And finally, it may be the shittiest of shitty robots: a monstrous robotic wolf intended to scare away wild bears. It seems the Japanese town of Takikawa has been having a problem with bears lately, so they deployed a pair of these improbable looking creatures to protect themselves. It’s hard to say what’s the best feature: the flashing LED eyes, the strobe light tail, the fact that the whole thing floats in the air atop a pole. Whatever it is, it seems to work on bears, which is probably good enough. Take a look in the video below the break.

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A Microwave Repair Even Mechanical Keyboard Fans Will Love

Microwave oven design and manufacturing have been optimized to the point where the once-expensive appliances are now nearly disposable. Despite the economics, though, some people can’t resist fixing stuff, especially when you get a chance to do it in style. Thus we present this microwave repair with its wholly unnecessary yet fabulous adornments.

The beginning of the end for [dekuNukem]’s dirt cheap second-hand microwave started where many of the appliances begin to fail first — the membrane keyboard. Unable to press the buttons reliably anymore, [dekuNukem] worked out the original keypad’s matrix wiring arrangement and whipped up a little keypad from some pushbutton switches and a scrap of perfboard. Wired into the main PCB, it was an effective and cheap solution, if a bit on the artless side.

To perk things up a bit, [dekuNukem] turned to duckyPad, a hot-swappable macropad with mechanical switches and, of course, RGB LEDs. Things got interesting from here; since duckyPad outputs serial data, an adapater was needed inside the microwave. An STM32 microcontroller and a pair of ADG714 analog switches did the trick, with power pulled from the original PCB.

The finished repair is pretty flashy, and [dekuNukem] now has the only microwave in the world with a clicky keypad. And what’s more, it works.

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Halloween Pumpkin Scares With An Evil Eye

These days, a classic Jack O’ Lantern just doesn’t cut the mustard. Kids are expecting to be scared by high-quality animatronics at a minimum. This haunting work by [Zero To Infinity] might just do the trick.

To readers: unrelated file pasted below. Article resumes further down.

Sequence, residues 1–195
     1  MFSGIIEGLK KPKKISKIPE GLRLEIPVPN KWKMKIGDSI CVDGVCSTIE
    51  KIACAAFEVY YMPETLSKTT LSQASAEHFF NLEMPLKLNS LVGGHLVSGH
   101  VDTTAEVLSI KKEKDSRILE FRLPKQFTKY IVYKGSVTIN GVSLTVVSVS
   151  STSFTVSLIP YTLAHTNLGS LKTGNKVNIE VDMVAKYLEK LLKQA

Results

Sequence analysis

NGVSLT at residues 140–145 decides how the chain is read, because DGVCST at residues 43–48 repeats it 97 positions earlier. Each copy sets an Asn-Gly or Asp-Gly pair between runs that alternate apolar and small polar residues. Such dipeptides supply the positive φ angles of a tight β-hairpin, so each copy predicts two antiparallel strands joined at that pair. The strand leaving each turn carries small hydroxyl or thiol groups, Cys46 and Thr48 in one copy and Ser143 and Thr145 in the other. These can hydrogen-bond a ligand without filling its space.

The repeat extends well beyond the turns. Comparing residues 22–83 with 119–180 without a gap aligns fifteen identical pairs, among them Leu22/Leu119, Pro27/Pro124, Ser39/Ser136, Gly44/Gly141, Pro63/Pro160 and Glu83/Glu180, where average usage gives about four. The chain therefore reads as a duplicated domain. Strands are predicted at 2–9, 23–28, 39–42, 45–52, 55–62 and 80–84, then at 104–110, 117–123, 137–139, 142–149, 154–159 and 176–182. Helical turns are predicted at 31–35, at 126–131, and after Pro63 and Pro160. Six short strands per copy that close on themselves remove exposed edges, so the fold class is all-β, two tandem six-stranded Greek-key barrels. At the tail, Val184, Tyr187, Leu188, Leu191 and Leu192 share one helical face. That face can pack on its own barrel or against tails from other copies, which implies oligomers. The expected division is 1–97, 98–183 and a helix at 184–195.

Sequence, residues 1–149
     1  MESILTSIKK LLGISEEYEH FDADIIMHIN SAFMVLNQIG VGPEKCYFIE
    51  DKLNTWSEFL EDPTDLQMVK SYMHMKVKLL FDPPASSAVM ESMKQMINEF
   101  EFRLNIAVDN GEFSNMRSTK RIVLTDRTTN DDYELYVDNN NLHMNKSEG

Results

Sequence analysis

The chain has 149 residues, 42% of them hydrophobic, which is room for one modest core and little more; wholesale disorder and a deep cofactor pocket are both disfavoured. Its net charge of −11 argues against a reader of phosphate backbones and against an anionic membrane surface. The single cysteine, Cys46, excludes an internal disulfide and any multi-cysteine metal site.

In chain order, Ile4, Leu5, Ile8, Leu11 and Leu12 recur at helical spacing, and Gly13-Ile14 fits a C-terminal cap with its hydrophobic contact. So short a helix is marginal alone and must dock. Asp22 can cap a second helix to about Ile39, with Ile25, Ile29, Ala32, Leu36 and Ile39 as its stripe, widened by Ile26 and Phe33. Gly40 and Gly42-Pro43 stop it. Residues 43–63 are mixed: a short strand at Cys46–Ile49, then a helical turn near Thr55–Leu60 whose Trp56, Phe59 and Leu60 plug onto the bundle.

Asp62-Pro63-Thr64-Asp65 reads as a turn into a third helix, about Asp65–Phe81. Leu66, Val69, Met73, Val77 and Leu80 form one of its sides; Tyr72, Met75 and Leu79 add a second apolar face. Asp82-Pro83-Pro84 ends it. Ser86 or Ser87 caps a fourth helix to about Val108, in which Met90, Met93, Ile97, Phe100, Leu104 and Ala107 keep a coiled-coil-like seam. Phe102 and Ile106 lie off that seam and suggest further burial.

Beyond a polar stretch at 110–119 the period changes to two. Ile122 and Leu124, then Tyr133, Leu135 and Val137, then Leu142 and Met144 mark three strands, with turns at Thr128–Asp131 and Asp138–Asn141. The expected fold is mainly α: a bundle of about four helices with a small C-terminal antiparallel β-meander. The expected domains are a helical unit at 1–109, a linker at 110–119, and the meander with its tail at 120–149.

A real pumpkin is pressed into service in this build, with the usual threatening grin and candlelit interior. However, where it differs is in its single, animated eye. The eye itself is constructed of a pingpong ball, drawn upon with markers for a creepy bloodshot look. A pair of servos allow the eye to twitch and roll, under the command of an Arduino Nano. For further interactivity, an ultrasonic sensor is used to only trigger the pumpkin when it senses a person approaching.

It’s a fun holiday build that also serves as a great primer on how to work with servos and microcontrollers. We can imagine a more advanced setup using more sensors and pumpkins to train multiple eyes on the unsuspecting visitor. If that’s not scary enough, perhaps just make your pumpkins breathe fire instead. Video after the break.

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Cutting Balsa Wood With Air (Oh, And A Laser)

[DIY3DTech] likes using his Ortur laser cutter for balsa wood and decided to add an air assist system to it. Some people told him it wasn’t worth the trouble, so in the video below, he compares the results of cutting both with and without the air assist.

The air assist helped clear the cut parts and reduced charring in the wood. The air system clears residue and fumes that can reduce the effectiveness of the laser. It can also reduce the risk of the workpiece catching on fire.

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Interactive Subway Map Talks You Through The Route

Old-school rail monitoring systems had amazing displays of stations and tracks covered in flashing lights that tracked the progress of trains along a route. While it’s unlikely you’ll fit such big iron from the mid-20th century in your home, you can get a similar aesthetic with [Kothe’s] interactive subway information display.

The display relies on an Arduino Mega 2560 Pro Mini as the brains of the operation. It drives strings of WS2812B LEDs which correspond to stations along the various metro lines in the area. Additionally, the microcontroller drives a 4.3″ Nextion LCD display. The Nextion displays have the benefit of acting as a self-contained human machine interface, running their own controller on board. This means the Arduino doesn’t have to spend cycles driving the display, and the Nextion hardware comes with a useful software package for quickly and easily designing GUI interfaces. For further feedback, a DFPlayer MP3 module is used to allow the system to playback prerecorded voice samples that provide information on the rail system. The attractive front panel is made with lasercut acrylic and a color printed acetate sheet.

It’s a build that bears striking similarity to real rail information systems fielded by railways around the world. We can imagine such a device being particularly useful in a backpacker’s hostel or university dorm to help those new to town find their way around. If you prefer a more stripped-back aesthetic, we’ve seen a barebones PCB build done as well. Video after the break.